I’ll start: a few years ago, I was really sick for a couple of months and the bright guitar tones of The Strokes, a band that I had always liked but never loved, made me feel inexplicably more optimistic with each spin of Is This It? Now I look to that album when things get dicey and it always makes problems seem much less complex.

Tell us your stories below, and you might just snag some totally sweet Rob Zombie prizes!

All images provided courtesy of Fxck Cancer and Rob Fenn.

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  1. NaNcy KnOll says:

    I fell in love once, a long time ago, the soundtrack to that relationship and a lot of love making sessions was The Cure’s, Disintegration. When that relationship came to an end I could not even think about listening to one of my favorite bands because of all the memories. It felt like my heart literally broke inside my chest. But time passes, and hurts heal. It’s taken a long time, but I have The Cure back in my life. I choose to remember the good times, and all that relationship taught me. My ex and I have 2 beautiful children together compliments of Disintegration. And that folks is the story of how music can truly be the soundtrack of a life.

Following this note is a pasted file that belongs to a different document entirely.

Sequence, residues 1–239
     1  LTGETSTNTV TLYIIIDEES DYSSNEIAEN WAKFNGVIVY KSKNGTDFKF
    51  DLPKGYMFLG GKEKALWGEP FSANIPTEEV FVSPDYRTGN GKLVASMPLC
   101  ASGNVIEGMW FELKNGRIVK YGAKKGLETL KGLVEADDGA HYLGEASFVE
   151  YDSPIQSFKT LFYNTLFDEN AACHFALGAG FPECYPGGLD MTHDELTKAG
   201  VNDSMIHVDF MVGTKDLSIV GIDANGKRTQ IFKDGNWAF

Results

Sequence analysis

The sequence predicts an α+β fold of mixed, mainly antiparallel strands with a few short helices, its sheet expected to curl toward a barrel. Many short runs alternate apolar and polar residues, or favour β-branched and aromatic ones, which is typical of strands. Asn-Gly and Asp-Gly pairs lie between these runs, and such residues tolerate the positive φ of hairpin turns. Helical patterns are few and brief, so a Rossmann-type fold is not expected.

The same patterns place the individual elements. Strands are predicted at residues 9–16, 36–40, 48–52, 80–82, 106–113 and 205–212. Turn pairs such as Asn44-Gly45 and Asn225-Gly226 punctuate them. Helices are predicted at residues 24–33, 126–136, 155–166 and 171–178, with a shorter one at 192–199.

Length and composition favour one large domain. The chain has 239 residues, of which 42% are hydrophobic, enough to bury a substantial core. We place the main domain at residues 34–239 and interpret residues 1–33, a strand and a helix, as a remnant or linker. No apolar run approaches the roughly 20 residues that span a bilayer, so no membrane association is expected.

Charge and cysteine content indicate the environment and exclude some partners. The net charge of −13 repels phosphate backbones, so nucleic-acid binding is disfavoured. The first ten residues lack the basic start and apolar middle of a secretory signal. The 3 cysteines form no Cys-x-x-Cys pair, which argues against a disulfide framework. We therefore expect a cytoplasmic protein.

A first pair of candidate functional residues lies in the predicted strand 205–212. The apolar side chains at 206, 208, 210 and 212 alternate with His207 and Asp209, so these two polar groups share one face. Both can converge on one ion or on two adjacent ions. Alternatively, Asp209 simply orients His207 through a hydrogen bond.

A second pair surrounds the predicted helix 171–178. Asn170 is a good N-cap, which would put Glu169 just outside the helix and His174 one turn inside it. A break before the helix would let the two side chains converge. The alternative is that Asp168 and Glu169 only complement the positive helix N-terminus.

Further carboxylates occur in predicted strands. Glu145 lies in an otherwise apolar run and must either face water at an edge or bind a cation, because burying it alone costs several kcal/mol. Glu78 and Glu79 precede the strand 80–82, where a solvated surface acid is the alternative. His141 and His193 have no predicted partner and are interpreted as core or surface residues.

2. Jazz says:

    My story obviously couldn’t compare against the ones about divorce, or diseases, or actual hard times but I thought it would be great to share. I’ve only been in this music scene for a little over a year now and let me tell you something, this music genre is the only type where everyone is actually a family. I have never left a concert without making at least three new friends. This family sticks together and sticks up for one another even if you don’t know each other. So I guess you could say I’ve learned to love because of this music.